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    Originally Posted by netytan
    If youíve done any formal training then you should remember learning about proving theorems, usually in some discrete mathematics or algorithms course. Generations of study in mathematics have shown that this is the reliable way to prove if things like this work as intended!

    Testing against a limited number of cases just doesnít square up to that, but it is easier.

    For the most part Iíd rather spend the extra time to produce a semi-formal proof, than write up (and maintain) dozens of tests. The results tend to be far better in my opinion because I inevitably get some new insight into the problem domain by doing this.
    ...
    I canít say that I commonly work with dozens of people, but any well-written code should be resistant to this kind of work. If you make good use of abstraction and high cohesion, then no matter how much you change how your code works you canít break anyone elseís work Ė Think encapsulation on a massive scale .
    Formal proofs are not a substitute for good unit testing.
    Firstly only a small subset of what you write will be amenable to any sort of formal proof.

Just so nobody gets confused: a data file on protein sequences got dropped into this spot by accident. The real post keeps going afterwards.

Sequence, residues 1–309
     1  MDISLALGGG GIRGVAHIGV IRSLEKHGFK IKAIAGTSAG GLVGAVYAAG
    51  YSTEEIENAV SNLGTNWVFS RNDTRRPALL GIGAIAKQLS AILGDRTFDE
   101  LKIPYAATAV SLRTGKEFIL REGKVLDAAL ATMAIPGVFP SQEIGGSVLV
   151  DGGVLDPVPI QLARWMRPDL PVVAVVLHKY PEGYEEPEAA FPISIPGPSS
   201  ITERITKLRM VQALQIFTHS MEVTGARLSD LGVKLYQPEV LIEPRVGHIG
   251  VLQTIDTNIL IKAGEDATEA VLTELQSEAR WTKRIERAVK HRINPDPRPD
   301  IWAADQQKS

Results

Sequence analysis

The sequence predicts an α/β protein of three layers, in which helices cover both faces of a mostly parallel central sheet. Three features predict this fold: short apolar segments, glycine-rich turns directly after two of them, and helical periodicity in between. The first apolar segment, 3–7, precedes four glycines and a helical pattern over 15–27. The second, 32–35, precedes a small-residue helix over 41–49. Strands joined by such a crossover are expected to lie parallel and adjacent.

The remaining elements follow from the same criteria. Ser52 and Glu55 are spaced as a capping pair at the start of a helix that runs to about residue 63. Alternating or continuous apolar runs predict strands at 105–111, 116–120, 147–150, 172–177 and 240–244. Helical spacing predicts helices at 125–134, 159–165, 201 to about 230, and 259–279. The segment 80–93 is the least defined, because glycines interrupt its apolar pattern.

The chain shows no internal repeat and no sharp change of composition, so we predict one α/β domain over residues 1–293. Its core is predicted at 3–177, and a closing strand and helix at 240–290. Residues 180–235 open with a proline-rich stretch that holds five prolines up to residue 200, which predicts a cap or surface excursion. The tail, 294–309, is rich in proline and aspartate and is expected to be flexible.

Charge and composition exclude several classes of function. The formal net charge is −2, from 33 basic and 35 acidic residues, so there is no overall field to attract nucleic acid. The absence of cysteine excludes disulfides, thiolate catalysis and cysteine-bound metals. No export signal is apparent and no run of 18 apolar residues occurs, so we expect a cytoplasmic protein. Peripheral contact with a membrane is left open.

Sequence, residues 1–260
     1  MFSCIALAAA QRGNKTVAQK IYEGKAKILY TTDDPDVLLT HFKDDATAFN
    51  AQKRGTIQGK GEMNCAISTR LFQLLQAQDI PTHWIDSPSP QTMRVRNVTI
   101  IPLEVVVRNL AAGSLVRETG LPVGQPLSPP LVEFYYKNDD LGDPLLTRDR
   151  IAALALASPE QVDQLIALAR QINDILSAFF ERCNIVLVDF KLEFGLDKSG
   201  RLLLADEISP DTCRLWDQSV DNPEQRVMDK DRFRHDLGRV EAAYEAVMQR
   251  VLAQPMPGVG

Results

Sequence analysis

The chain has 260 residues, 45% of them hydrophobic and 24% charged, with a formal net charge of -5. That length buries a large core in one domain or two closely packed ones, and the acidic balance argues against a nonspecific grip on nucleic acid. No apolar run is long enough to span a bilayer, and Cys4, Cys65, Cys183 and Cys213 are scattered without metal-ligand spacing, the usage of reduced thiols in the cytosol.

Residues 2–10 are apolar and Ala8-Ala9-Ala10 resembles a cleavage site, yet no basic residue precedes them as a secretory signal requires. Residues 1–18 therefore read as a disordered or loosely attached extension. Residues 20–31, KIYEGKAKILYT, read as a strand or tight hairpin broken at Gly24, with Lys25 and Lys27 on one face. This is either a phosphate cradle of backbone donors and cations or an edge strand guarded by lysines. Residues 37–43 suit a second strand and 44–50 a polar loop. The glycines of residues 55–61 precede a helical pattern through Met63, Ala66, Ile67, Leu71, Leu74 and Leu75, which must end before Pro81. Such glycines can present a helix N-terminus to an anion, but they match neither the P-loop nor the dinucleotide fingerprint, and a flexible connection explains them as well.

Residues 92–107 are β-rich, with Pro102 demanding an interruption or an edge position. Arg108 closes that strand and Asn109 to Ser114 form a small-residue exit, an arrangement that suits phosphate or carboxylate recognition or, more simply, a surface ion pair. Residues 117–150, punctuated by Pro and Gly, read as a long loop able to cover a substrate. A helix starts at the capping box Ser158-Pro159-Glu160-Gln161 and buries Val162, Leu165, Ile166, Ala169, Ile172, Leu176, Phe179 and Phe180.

Secondly you can only prove that an algorithm is correct, not your implementation of it. You may have made a typo, accidentally used the wrong variable, or anything like that. You will only find this out by running the code and checking the result.

    Thirdly, even if the algorithm is correct there is no defense against someone else changing it later, perhaps as requirements change. many teams do not practice code ownership, so anyone can come along later and change "your" code. How will they know that your formal proof no longer applies to their change?

    You get insights into your code from working through a formal proof. I get insights into my code by writing a test for it before I write the code to make the test pass.

    If the code is badly crafted then sure, make sure that you run your tests after every change!
    I run the tests before, during and after any change - that is a core practice of TDD. It gives me the freedom to make sure my code is both well crafted and correct.

    You make it sound like writing the tests is a huge overhead. It is not - before I started doing TDD I spent far longer tracking down problems with the debugger or trawling through log files than I now spend writing tests.

    Dave

    Comments on this post

    • woodyz agrees : Well stated. I want my TDD.
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    Originally Posted by DevCoach
    Formal proofs are not a substitute for good unit testing.
    Quite right. And unit tests are not a substitute for formal proofs.
    Secondly you can only prove that an algorithm is correct, not your implementation of it. You may have made a typo, accidentally used the wrong variable, or anything like that. You will only find this out by running the code and checking the result.